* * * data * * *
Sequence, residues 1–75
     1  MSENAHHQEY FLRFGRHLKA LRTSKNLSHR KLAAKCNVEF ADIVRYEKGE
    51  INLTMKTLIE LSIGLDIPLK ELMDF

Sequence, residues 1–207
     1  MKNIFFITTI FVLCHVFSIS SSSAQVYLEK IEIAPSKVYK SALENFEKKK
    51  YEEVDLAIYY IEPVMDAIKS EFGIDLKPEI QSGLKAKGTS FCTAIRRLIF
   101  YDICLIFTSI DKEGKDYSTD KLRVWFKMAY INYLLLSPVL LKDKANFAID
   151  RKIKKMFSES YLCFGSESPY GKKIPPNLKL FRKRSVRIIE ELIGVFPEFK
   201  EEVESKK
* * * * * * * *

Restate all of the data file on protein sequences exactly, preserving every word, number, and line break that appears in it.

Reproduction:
Sequence, residues 1–75
     1  MSENAHHQEY FLRFGRHLKA LRTSKNLSHR KLAAKCNVEF ADIVRYEKGE
    51  INLTMKTLIE LSIGLDIPLK ELMDF

Sequence, residues 1–207
     1  MKNIFFITTI FVLCHVFSIS SSSAQVYLEK IEIAPSKVYK SALENFEKKK
    51  YEEVDLAIYY IEPVMDAIKS EFGIDLKPEI QSGLKAKGTS FCTAIRRLIF
   101  YDICLIFTSI DKEGKDYSTD KLRVWFKMAY INYLLLSPVL LKDKANFAID
   151  RKIKKMFSES YLCFGSESPY GKKIPPNLKL FRKRSVRIIE ELIGVFPEFK
   201  EEVESKK